What do functional genomics tell us about pathogenesis of AML?

Jeffrey W. Tyner, Daniel Bottomly, Beth Wilmot, Shannon McWeeney

Research output: Contribution to journalReview articlepeer-review

1 Scopus citations


While molecular genetic abnormalities can tell us much about the pathogenesis of acute myeloid leukemia (AML), these molecular genetics do not always explain drug resistance or sensitivity, leaving room for other mechanisms of tumor pathogenesis outside of genetic events. The Beat AML 1.0 project was a multicenter project to sequence and functionally query AML samples against over 120 drugs. The results have helped form disease models on how mutations affect disease phenotype and drug sensitivity and have assisted in identifying gene signature profiles that may facilitate selecting the most effective treatment options. However, there are factors outside of genetic abnormalities that affect disease pathogenesis. For example, tumor-associated macrophages in the tumor microenvironment play a role in pathogenesis and represent therapeutic targets.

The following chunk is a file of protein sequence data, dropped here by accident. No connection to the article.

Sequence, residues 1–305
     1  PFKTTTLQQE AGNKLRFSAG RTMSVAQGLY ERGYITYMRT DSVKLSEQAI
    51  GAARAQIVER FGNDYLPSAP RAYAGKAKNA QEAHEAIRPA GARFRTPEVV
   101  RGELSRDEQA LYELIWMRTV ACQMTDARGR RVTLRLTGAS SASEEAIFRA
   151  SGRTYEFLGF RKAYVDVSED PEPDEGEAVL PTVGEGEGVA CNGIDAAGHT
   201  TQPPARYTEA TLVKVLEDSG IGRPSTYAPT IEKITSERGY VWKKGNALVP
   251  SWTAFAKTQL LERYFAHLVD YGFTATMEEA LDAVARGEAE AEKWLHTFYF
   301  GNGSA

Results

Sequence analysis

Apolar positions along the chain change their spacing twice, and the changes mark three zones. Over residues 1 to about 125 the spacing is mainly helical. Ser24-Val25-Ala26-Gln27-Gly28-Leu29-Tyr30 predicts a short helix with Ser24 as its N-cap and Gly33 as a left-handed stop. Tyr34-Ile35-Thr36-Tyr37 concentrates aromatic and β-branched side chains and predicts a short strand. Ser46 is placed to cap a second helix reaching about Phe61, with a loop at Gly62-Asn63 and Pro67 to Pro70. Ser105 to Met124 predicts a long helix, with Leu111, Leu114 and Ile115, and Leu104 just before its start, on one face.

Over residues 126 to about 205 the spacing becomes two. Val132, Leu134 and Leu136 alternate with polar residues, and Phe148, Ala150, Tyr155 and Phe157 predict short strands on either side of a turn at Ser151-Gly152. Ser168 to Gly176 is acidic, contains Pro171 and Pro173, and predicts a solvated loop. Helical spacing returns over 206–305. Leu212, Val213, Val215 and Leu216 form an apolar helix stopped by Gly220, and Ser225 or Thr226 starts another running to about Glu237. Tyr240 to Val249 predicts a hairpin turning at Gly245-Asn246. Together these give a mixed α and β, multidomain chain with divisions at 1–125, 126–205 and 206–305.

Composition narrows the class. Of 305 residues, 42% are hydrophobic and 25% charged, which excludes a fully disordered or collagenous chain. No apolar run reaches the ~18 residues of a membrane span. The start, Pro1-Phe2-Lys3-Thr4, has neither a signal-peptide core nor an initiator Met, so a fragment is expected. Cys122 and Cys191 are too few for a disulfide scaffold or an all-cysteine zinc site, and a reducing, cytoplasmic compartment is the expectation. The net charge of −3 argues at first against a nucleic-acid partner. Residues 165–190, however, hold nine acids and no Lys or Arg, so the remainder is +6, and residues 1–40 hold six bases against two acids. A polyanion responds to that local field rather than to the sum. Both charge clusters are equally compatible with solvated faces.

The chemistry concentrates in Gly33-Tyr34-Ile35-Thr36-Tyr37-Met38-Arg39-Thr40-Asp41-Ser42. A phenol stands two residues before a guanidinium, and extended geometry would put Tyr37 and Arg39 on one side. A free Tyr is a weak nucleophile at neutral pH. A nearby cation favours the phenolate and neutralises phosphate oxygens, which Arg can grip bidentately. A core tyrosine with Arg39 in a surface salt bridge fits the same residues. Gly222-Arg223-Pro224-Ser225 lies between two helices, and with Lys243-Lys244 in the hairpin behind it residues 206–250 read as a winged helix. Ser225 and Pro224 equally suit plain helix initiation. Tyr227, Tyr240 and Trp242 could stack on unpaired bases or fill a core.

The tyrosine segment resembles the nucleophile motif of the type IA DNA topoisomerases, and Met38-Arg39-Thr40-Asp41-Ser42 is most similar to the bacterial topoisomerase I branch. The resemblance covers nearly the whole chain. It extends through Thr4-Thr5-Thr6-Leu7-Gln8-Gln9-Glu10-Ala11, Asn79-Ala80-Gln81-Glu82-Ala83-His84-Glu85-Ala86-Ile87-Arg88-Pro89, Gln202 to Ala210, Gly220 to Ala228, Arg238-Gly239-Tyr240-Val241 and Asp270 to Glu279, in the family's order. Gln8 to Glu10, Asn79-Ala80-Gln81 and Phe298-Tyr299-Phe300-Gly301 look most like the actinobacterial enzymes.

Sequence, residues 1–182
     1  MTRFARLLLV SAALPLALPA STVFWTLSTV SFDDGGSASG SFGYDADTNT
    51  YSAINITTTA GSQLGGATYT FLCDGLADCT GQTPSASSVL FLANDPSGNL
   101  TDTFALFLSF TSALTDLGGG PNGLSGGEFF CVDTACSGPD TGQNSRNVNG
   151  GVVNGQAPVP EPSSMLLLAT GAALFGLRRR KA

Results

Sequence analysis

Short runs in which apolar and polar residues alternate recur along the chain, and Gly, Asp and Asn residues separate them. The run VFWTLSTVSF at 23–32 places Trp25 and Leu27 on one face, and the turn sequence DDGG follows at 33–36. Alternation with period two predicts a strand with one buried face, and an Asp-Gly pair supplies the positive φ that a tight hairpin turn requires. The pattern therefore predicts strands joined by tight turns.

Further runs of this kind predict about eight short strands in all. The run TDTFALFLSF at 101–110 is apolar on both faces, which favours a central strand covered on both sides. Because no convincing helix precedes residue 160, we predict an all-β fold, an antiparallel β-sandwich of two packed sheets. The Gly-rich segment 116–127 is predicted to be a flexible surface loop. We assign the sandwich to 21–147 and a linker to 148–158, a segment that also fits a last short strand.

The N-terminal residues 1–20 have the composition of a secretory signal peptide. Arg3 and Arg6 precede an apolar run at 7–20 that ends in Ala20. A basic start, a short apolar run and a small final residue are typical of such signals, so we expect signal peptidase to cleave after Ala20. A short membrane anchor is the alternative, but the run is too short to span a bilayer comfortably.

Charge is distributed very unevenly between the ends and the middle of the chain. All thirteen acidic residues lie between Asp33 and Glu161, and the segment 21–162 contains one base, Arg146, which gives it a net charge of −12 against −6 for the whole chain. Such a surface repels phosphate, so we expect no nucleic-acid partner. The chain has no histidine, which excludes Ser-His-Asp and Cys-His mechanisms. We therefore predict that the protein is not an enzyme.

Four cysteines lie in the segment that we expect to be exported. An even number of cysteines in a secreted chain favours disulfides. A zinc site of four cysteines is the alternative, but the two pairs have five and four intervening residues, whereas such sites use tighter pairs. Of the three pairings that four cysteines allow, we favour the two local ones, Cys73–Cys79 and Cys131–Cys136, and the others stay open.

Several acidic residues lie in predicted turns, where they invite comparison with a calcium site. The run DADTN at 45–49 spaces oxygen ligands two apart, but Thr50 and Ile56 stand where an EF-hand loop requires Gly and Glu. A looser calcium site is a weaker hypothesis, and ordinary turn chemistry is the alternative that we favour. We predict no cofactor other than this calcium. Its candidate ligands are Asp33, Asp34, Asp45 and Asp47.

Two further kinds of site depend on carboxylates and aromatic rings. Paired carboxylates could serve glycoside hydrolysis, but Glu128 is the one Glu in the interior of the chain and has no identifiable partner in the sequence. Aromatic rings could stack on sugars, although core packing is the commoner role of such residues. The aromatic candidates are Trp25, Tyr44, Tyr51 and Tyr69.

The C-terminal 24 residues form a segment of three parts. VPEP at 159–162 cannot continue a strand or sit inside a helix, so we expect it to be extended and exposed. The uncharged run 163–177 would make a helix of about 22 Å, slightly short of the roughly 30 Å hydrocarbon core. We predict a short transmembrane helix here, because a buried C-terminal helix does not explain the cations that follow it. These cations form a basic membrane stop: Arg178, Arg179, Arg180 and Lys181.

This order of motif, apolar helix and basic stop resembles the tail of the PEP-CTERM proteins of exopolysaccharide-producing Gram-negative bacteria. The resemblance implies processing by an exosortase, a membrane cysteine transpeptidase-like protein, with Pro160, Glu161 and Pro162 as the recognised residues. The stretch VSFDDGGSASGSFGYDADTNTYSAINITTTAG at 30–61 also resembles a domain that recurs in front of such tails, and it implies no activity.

Original languageEnglish (US)
Article number101101
JournalBest Practice and Research: Clinical Haematology
Issue number4
StatePublished - Dec 2019


  • AML
  • Acute myeloid leukemia
  • Beat AML 1.0
  • Microenvironment
  • Pathogenesis
  • Tumor-associated macrophage

ASJC Scopus subject areas

  • Oncology
  • Clinical Biochemistry


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